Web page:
You are here

Let's see how principled Google's Open Internet Coalition is on protecting free speech

How timely for the Google-backed Open Internet Coalition to be writing Congress asking for Congressional hearings on allegations of censorship of free speech on the Internet.

  • If you go to the Open Internet Coalition's website you will see that they believe the issue of protecting digital free speech is now the coalition's most important issue, and their call for hearings is obviously well-coordinated with Move.org's SaveTheInternet and FreePress slogan megaphones.

However, there is now a new twist to the issue. The Open Internet Coalition's leader, Google, has blocked, and still is blocking, the most obvious form of political free speech, by blocking U.S. Senator Susan Collins' anti-Moveon.org ads from Google. It will be interesting to hear how Google/Open Internet coalition respond to Congressional inquiries on Google's ongoing censorship of political free speech.  

  • Might it not be good theatre to see how Google/Open Internet coalition/SaveTheInternet/FreePress, squirm and contort trying to explain in House/Senate hearings:
    • how Google is not censoring free speech in denying a sitting U.S. Senator campaign ads, or is not an ongoing free speech censorship problem for not admiting the mistake or correcting the problem after a week since the problem was highlighted...?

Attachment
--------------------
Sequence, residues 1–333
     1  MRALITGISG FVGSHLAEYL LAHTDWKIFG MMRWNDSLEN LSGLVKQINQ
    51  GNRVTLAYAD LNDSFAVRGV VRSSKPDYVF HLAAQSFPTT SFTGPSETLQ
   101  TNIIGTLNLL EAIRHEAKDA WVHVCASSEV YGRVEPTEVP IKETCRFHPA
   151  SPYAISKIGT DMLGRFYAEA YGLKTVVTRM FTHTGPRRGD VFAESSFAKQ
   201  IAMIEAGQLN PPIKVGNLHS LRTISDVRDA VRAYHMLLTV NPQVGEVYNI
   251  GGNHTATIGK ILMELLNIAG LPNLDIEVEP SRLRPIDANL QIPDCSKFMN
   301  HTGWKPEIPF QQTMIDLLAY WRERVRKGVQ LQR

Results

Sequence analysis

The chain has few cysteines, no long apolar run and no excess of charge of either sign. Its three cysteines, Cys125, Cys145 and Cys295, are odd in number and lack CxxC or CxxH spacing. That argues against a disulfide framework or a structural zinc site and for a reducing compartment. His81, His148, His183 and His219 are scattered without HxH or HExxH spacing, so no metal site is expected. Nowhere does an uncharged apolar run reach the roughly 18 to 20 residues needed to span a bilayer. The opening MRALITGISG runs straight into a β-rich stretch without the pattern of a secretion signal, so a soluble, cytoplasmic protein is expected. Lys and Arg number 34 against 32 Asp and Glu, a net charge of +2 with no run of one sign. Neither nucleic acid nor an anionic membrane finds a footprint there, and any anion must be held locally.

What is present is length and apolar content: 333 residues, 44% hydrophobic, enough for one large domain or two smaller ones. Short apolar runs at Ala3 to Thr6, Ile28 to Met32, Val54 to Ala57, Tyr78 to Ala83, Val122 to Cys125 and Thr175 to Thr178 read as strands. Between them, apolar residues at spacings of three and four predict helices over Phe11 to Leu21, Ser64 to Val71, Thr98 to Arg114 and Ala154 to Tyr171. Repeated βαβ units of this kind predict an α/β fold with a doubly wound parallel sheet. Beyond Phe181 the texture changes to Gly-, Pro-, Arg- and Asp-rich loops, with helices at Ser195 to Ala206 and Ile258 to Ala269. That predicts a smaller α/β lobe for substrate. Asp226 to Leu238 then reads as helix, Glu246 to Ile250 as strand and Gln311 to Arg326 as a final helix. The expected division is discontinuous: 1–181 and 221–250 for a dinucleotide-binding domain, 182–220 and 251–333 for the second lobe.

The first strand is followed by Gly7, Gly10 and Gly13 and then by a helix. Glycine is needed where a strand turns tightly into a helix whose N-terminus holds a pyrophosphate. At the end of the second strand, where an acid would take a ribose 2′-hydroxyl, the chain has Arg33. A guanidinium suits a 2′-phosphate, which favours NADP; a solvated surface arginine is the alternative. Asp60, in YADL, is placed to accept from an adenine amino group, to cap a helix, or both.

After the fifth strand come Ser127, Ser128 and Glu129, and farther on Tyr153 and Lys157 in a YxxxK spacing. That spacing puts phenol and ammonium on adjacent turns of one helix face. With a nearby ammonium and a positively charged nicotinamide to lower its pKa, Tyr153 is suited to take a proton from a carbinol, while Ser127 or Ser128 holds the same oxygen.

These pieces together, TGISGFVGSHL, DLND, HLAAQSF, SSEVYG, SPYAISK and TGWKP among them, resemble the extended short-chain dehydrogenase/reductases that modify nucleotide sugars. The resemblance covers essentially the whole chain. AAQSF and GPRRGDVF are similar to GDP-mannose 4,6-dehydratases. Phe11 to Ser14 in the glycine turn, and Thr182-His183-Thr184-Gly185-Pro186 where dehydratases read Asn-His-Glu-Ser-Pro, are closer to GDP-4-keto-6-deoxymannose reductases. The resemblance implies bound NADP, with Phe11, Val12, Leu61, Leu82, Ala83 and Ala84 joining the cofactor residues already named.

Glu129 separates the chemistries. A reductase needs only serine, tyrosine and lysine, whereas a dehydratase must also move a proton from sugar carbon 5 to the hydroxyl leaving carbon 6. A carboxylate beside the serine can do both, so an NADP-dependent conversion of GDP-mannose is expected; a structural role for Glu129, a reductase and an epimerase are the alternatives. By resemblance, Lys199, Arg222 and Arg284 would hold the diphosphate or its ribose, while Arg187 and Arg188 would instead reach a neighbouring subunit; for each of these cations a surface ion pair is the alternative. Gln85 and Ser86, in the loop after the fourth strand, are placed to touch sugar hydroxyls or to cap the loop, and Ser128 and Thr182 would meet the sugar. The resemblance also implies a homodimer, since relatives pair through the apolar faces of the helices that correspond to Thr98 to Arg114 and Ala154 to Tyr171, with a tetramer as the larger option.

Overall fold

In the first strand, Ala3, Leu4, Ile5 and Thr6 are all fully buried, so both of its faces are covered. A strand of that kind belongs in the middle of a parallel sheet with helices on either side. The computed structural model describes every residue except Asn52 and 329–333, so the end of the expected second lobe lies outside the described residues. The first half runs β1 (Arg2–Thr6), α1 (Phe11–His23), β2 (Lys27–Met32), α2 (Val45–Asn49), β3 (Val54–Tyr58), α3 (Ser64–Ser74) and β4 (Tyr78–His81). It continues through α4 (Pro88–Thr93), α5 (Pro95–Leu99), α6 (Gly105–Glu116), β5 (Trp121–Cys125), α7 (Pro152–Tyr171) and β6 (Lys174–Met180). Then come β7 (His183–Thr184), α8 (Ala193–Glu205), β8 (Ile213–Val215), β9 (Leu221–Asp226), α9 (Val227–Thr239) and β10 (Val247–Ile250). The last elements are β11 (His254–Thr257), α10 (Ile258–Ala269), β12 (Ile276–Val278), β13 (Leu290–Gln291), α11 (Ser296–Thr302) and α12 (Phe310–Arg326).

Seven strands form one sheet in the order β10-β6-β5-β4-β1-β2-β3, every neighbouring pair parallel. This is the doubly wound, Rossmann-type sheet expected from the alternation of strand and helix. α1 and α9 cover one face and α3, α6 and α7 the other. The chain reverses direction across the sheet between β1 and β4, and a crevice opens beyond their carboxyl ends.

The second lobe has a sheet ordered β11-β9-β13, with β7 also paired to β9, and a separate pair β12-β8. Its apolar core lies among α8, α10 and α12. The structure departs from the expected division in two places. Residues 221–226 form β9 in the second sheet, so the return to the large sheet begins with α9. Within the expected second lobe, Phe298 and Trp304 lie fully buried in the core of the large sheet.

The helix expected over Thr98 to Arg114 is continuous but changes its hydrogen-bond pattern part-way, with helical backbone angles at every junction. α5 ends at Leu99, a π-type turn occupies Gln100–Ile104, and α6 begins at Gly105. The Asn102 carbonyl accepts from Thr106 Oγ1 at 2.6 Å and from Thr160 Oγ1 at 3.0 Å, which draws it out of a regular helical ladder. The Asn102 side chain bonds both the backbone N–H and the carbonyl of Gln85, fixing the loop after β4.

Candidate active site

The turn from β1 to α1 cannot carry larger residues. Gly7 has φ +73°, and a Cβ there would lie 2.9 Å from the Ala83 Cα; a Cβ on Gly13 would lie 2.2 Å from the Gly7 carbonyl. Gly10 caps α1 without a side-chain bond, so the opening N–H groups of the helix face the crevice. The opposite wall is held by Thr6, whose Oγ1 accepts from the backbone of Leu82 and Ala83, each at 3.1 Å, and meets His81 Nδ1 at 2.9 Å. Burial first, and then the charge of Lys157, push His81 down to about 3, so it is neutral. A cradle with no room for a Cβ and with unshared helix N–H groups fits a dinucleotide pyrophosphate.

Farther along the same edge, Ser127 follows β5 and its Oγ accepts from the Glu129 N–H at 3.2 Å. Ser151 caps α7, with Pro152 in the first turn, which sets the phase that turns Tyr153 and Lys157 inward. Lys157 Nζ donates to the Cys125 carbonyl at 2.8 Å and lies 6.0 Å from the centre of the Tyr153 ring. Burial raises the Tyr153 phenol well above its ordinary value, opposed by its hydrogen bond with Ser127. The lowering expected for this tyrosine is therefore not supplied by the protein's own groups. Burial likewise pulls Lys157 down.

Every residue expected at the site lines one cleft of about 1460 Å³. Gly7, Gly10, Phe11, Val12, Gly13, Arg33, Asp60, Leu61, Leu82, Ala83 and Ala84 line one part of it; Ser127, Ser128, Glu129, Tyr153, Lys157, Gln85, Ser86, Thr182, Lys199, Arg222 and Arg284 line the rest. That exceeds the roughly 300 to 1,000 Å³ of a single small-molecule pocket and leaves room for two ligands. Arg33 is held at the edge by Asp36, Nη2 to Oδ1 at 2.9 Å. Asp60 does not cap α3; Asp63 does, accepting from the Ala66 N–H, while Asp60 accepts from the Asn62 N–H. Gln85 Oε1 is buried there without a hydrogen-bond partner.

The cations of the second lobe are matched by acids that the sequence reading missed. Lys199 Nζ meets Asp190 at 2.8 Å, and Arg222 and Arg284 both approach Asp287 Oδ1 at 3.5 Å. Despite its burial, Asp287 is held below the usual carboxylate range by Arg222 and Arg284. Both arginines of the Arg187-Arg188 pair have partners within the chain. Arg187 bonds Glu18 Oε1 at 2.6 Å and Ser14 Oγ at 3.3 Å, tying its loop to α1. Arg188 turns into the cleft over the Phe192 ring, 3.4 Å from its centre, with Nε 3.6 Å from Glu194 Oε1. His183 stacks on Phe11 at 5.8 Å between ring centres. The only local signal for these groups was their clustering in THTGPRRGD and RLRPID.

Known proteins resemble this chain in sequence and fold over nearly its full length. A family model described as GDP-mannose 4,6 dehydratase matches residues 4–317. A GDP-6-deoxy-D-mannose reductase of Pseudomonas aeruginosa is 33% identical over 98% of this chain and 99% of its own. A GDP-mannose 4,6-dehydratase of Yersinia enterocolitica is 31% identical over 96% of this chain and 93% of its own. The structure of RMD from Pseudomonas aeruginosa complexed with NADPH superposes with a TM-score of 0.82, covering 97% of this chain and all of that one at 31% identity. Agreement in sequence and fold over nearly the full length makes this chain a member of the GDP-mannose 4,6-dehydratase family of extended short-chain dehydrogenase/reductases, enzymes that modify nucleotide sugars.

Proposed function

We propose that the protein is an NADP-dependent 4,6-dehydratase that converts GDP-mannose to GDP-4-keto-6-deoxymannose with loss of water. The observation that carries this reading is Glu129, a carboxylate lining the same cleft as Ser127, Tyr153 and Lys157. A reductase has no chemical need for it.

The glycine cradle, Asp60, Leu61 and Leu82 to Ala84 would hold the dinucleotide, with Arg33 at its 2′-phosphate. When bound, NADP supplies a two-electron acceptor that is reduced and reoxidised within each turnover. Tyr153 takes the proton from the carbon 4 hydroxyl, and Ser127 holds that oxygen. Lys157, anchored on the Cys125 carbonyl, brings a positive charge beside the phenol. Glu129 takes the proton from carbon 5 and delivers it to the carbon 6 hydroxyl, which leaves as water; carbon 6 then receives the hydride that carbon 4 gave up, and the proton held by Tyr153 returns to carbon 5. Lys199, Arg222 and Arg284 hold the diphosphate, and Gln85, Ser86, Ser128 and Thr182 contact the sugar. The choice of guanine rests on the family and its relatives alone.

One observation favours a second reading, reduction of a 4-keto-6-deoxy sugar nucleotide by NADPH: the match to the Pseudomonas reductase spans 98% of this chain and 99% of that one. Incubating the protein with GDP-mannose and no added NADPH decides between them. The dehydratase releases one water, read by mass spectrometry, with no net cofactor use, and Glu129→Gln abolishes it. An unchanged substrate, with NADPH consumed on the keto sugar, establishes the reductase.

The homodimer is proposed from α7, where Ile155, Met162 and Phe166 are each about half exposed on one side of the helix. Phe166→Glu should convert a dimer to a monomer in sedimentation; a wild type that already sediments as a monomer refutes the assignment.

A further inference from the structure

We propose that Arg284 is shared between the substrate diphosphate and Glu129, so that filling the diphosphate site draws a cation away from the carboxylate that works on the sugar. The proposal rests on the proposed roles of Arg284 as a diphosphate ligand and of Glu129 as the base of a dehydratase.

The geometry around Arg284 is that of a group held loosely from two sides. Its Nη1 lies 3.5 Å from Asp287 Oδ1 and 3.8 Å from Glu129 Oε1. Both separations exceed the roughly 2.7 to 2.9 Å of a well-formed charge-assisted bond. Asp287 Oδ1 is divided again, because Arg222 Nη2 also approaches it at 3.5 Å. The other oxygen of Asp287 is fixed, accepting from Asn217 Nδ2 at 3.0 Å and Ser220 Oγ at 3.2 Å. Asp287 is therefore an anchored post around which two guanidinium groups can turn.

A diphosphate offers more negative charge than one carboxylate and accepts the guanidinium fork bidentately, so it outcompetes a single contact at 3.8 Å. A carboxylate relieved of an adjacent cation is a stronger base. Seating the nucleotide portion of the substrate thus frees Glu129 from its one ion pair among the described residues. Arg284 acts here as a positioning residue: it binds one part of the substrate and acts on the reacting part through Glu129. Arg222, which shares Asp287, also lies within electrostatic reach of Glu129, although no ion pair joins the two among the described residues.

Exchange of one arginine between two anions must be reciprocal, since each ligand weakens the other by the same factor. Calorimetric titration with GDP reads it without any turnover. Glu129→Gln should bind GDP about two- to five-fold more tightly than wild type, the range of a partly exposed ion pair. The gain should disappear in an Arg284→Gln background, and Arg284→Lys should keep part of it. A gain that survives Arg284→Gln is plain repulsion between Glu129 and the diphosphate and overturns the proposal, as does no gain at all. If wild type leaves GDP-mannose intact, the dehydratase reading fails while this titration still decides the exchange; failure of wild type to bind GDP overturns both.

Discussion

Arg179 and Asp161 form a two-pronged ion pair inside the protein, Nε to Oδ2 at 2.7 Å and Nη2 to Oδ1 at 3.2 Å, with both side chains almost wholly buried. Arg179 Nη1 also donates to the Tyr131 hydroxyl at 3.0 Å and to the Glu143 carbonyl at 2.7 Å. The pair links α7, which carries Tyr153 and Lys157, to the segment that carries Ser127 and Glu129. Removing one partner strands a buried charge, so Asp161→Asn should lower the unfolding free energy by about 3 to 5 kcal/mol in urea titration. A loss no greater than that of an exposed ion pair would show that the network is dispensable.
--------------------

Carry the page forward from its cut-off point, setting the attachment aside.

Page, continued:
• But somehow, Verizon and AT&T are threats to free speech when they had extremely rare incidents which they immediately admitted were mistakes, took immediate corrective action to fix, and then took forward-action to be sure that it would not happen again?    

Only in Googleland, where regulatory special treatment is expected and the normal laws and rules that apply to everyone else supposedly don't apply to the perfect "don't be evil" Google, would Google expect these Google-lobbied-for free speech hearings to not involve questions of Google's respect for free speech.

I applaud the savvy of Google/Open Internet Coaltion for sending their free speech letter to:

  • Senate committees who would surely grant a fellow Senator the common courtesy of being able to ask witnesses from either Google or the Open Internet Coalition why Google is continuing to interfere with a U.S. Senate election and censoring free speech; and
  • The House Judiciary Committee which has indicated that it is interested in scheduling a hearing on the antitrust and privacy implications of the proposed Google-DoubleClick merger. (maybe they could kill two birds with one stone...)

Bottomline: Time will tell whether the Google/SavetheInternet/FreePress crowd really supports free speech or is just engaged in very selective political grandstanding to forward their net neutrality agenda. 

  • Bipartisan congressional hearings have a way of fairly vetting these issues and highlighting hypocrisy...
  • Maybe Google will "move on" to another political tactic...       
Q&A One Pager Debunking Net Neutrality Myths